There must be something about Chicago basketball players and candy.
Foxtrot, the startup that behaves like a virtual corner store with retail locations scattered across the city, is collaborating with Chicago Bulls All-Star Zach LaVine on a new line of gummies. Zach LaVine Slam Dunk Gummy Mix is filled with G-rated sweet-and-sour gummies with fun shapes like sneakers, skulls, and gumdrops. The bag parrots a phrase from Bulls’ announcer Stacey King (inspired by that classic Gatorade commercial): “I want to be like Zach.”
The candy goes on sale on Tuesday, January 17 online or at Foxtrot locations in Wicker Park, West Loop, Gold Coast, Southport, and East Lakeview. There’s even a promotion to score a bag of candy signed by LaVine.
LaVine, known for his ridiculous shot-making and bounce (he’s a Slam Dunk Contest Champion), isn’t the first Chicago All-Star guard with a candy connection. Derrick Rose loved Skittles so much that the company sent him a vending machine in 2010. Another strange coincidence is both guards have recovered from torn ACLs. LaVine has looked spry in recent games as the Bulls battle for a playoff spot.
Maple & Ash owners split after settlement
The legal battle between partners in the parent company of Gold Coast steakhouse Maple & Ash and Italian cafe Etta has ended with a settlement that effectively splits the baby. Proceedings have been underway since March 2022 when What if Syndicate’s David Pisor claimed fellow co-founder Jim Lasky was freezing him out from the company and filed a lawsuit. Other lawsuits followed with allegations of secret bank accounts and more being flung in court. Sources intimated the allegations had a chance to get nasty in public if proceedings continued.
A settlement, reported by Crain’s, has led Pisor and Lasky to split. Lasky will join chef Danny Grant in retaining ownership of Maple & Ash, along with Monarch and Kessaku, brands What If Syndicate operates outside of Chicago. Pisor and Dan Perretta (he left Alinea Group in 2021) will create a new company, Etta Collective, that will encompass Etta and Cafe Sophie in Chicago, as well as Celestina in California. A spokesperson tells Eater the split has already happened, but there’s no indication when Cafe Sophie may return. It opened briefly before the legal proceedings began. Remember: it closed due to a “design flaw.”
City’s mistake forces Logan Square restaurant to close
A storm of bad weather and city incompetence has forced a popular Logan Square restaurant to close indefinitely. Table, Donkey & Stick’s Matt Sussman doesn’t know when he’ll reopen after city crews from the water department accidentally cut a water line while repairing a sewer line, according to Block Club Chicago. Now without water service, the restaurant has been closed since December 20. TDS was forced to cancel lucrative New Year’s Eve reservations, all while preparing for winter, a downtime for Chicago restaurants. Even though the city workers caused the water outage, officials tell Block Club that the building’s owner is responsible to fix damage to its property (even if that damage was, again, caused by the city’s mistake) which would restore water service. The building’s landlord had no comment to Block Club. There’s a GoFundMe to help support workers who are going without paychecks.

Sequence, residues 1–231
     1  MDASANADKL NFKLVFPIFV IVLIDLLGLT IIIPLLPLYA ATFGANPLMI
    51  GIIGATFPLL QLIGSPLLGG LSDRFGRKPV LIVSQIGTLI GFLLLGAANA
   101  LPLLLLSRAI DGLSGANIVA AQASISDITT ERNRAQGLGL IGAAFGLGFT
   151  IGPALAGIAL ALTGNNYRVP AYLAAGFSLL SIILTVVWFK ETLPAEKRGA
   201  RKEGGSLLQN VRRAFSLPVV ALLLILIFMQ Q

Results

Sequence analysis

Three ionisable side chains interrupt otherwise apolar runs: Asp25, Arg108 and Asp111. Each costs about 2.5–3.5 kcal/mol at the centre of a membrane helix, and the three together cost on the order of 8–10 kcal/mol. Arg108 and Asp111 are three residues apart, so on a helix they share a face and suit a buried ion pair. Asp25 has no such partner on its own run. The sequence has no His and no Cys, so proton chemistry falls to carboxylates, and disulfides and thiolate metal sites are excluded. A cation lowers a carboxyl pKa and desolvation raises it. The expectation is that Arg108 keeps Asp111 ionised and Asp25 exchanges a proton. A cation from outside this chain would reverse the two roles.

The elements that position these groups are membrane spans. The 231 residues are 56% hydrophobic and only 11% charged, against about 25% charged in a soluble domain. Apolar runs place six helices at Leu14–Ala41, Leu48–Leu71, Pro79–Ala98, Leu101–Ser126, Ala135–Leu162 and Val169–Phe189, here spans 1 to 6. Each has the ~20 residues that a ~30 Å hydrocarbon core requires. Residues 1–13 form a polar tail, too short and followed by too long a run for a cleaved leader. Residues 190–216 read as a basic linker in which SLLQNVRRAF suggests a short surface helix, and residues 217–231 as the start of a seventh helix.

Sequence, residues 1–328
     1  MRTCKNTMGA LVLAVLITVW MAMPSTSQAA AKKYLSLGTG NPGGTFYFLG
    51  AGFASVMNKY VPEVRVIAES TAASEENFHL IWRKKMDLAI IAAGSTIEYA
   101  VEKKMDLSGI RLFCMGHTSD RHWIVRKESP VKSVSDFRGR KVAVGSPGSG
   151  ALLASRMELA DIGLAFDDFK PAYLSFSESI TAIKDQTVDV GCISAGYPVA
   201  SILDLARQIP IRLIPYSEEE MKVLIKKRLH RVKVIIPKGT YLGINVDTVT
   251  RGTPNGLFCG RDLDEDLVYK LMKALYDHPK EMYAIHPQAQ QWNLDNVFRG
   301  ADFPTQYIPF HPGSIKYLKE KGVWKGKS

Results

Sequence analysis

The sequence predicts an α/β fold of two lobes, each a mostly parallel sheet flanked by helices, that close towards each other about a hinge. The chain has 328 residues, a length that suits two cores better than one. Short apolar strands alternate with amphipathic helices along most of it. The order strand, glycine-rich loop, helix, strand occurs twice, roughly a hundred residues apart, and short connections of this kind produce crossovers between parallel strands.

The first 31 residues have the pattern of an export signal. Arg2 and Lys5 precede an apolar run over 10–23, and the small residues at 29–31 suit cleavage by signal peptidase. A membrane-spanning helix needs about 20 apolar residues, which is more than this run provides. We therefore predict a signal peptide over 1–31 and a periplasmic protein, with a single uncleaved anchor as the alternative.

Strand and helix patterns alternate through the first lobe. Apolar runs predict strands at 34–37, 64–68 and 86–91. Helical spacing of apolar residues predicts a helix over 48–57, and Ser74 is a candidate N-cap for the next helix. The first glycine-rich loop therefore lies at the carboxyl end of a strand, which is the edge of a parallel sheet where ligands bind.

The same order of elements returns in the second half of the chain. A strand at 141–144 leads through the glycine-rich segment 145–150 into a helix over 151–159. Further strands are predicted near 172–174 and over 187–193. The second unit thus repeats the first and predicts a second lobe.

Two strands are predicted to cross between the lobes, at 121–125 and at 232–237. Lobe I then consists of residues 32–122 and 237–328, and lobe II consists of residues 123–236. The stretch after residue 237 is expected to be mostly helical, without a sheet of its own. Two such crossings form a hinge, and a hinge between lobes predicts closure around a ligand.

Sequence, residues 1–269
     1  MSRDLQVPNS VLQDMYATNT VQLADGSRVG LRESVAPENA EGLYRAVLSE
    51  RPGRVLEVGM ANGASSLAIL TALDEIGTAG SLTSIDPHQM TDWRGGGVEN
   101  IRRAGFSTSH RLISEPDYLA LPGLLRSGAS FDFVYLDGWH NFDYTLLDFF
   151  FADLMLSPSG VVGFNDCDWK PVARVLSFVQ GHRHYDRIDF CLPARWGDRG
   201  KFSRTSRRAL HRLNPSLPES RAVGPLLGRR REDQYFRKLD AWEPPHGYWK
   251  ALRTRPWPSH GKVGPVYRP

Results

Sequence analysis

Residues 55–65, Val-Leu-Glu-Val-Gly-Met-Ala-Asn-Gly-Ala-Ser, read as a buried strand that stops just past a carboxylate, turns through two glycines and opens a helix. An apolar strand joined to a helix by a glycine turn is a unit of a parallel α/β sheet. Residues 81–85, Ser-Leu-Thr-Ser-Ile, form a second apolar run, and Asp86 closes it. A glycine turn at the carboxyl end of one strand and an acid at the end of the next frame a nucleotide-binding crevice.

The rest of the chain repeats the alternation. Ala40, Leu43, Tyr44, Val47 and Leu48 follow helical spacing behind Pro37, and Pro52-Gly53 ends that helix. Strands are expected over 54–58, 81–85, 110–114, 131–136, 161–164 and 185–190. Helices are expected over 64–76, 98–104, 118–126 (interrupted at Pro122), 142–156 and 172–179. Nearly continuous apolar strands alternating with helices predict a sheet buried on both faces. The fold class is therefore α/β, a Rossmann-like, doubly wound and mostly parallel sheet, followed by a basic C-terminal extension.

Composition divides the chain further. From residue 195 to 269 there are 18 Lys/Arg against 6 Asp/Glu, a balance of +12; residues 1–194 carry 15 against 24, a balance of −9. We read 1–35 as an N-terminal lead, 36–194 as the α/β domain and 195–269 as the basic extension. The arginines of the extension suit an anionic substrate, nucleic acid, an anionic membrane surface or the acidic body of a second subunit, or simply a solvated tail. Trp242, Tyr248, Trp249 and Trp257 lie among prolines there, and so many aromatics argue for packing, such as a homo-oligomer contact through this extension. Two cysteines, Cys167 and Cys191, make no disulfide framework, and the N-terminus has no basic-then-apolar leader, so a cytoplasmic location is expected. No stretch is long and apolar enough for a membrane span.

Tribune beer reporter departs
Chicago’s food media continues to shrink. Last week, the Tribune saw reporter Josh Noel leave the paper after 18 years. Noel made a name for himself covering the city’s beer scene, giving unmatched attention to local breweries including Goose Island Beer Co. As the Tribune employs two critics in a small department, Noel, a formally trained journalist, also helped cover lawsuits and other stories during the pandemic. He’s moving over to Molson Coors where former Crain’s food writer Peter Frost has continued his career after traditional journalism. Noel teased a new book in a blog post announcing his plans. There’s no indication on how the Trib will cover beer in the future. “No one cares about beer anymore,” one local brewery owner tells Eater Chicago.
Another high-profile departure happened in late December when Time Out Chicago’s Emma Krupp left the publication to move to California. The pub, which also hypes a Fulton Market food hall, has gone through Krupp, Morgan Olson, and Zach Long as editors since 2021.